Of course, you mean that museums, opera, classical music subsidies, etc. are of provincial competence. The provincial governments fund most of the country’s art institutions. She is minister for Heritage, not Culture (which is provincial), although there is overlap.

      • V.Lind says:

        The National Arts Centre? The National Gallery? All the other national museums? The CBC? (With a bit more money they might be able to re-introduce drama to radio). The Canada Council contributes to almost every major and many minor artistic institutions in Canada, throughout the country. Of course the provinces are involved also, sometimes exclusively. But this is the most positive step for the arts, as well as heritage and the other responsibilities under this ministry, in many years. The last lot essentially opposed the arts as something they could not control. Laureen Harper was so embarrassed by some government moves that she sat out her role as patron of the NAC Gala one year.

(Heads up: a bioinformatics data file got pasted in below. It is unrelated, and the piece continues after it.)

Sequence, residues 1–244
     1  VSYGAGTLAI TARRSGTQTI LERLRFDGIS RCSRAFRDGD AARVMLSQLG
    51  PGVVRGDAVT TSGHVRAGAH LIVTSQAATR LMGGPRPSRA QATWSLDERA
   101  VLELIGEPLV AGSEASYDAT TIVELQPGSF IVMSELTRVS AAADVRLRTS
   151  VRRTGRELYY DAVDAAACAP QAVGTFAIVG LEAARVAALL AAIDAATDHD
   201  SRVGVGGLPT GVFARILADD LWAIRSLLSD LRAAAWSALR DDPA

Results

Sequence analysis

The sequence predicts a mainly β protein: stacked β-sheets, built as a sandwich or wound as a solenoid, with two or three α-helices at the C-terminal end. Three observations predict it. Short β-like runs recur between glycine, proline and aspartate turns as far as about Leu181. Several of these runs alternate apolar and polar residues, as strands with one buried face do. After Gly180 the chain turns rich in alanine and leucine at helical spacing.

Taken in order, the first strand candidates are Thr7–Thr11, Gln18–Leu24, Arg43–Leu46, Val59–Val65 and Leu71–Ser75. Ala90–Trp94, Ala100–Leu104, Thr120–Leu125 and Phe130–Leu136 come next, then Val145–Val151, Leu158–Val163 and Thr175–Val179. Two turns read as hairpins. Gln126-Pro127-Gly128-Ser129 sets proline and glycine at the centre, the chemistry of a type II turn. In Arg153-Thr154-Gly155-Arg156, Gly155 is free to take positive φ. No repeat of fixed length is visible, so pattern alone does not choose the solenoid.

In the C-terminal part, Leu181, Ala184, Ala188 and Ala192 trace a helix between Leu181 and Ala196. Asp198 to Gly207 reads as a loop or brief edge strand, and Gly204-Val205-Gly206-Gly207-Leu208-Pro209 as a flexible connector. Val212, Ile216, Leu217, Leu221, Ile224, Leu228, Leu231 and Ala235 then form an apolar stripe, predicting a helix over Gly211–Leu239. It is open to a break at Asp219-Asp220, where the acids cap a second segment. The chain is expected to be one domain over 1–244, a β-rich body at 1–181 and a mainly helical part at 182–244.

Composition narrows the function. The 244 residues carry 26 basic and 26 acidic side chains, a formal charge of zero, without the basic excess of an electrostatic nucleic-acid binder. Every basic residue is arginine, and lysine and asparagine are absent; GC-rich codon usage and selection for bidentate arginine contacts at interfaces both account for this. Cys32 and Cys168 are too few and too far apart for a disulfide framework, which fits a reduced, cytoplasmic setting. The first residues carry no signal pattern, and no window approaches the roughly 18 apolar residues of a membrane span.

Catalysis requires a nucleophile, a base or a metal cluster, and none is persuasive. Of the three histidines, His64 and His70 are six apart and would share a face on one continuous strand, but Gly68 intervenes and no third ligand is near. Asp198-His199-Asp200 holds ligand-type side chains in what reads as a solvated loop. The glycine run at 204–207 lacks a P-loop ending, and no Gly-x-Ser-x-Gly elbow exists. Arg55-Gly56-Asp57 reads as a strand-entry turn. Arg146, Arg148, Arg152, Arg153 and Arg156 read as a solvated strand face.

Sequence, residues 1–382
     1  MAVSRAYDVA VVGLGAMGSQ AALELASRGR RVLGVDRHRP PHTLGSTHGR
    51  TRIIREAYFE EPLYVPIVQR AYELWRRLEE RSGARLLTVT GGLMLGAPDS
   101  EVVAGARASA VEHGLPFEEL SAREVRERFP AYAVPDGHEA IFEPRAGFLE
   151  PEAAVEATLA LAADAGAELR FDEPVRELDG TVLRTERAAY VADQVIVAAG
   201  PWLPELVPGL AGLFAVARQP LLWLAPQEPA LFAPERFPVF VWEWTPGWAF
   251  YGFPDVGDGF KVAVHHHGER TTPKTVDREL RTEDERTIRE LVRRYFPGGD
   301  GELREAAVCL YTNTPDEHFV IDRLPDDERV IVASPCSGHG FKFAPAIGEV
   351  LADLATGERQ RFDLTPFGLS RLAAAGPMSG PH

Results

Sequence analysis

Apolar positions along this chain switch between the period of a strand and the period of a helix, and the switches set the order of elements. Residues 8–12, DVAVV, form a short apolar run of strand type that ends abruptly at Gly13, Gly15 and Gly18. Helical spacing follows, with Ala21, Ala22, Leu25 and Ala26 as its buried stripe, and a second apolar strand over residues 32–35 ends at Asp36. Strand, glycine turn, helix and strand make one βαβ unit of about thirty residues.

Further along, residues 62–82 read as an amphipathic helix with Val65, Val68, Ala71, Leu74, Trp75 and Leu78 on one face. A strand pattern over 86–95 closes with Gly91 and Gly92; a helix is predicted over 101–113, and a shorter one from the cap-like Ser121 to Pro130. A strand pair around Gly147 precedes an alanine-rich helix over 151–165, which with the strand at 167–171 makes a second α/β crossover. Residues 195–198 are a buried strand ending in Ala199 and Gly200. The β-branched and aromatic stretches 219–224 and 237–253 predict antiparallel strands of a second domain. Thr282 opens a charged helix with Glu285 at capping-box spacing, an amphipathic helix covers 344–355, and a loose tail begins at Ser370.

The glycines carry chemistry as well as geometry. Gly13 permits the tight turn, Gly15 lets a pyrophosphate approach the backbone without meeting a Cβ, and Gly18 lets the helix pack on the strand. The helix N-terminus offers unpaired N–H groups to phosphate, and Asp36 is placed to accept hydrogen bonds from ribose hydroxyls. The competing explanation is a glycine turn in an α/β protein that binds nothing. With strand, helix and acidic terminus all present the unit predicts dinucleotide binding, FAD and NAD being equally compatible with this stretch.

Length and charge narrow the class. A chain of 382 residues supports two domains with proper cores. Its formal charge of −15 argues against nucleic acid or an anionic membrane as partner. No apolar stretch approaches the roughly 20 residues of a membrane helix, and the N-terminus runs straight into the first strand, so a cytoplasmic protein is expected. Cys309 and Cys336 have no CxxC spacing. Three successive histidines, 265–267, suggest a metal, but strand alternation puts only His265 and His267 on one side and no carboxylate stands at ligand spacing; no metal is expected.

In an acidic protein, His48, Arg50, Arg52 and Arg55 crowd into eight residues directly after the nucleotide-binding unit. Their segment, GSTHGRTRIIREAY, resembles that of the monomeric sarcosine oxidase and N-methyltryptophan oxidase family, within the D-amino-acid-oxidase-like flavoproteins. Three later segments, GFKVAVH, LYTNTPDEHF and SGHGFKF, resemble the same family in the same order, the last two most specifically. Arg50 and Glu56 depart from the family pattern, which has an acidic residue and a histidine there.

I am not a Liberal, did not vote for them, and was concerned about Trudeau’s intentions of running up a deficit to try to repair some of the damage his predecessors had done. But if he’s going o spend it anyway, I am glad the arts is getting a whack. I suspect the new PM actually realises that a healthy arts environment has positive economic consequences.

        • Andy says:

          The National Arts Centre gets not a penny from the Canada Council. It feeds directly from the teat of the federal government, from which it extracts obscene amounts of taxpayer dollars. Far, far, far more than it would receive standing in the breadline for handouts with every other performing arts organization at the Canada Council’s door.

          Removing the very expensive taxpayer-funded crutches that have been supporting the NAC since 1969 would be a giant leap forward for the arts across Canada, all of whom could then share in the massive piece of the Arts Funding Pie the NAC consumes every year like a hog at the trough.